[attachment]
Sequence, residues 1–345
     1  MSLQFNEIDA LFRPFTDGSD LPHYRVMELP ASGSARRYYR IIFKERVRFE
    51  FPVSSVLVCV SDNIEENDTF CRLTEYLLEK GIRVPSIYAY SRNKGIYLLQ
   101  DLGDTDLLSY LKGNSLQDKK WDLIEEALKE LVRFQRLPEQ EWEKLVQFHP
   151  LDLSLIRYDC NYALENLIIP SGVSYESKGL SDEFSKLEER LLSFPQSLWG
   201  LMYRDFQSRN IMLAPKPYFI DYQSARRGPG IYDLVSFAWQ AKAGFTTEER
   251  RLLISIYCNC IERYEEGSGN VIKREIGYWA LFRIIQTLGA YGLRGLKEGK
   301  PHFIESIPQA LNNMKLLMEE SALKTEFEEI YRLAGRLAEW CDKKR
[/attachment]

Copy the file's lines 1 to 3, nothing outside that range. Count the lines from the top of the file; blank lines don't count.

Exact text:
Sequence, residues 1–345
     1  MSLQFNEIDA LFRPFTDGSD LPHYRVMELP ASGSARRYYR IIFKERVRFE
    51  FPVSSVLVCV SDNIEENDTF CRLTEYLLEK GIRVPSIYAY SRNKGIYLLQ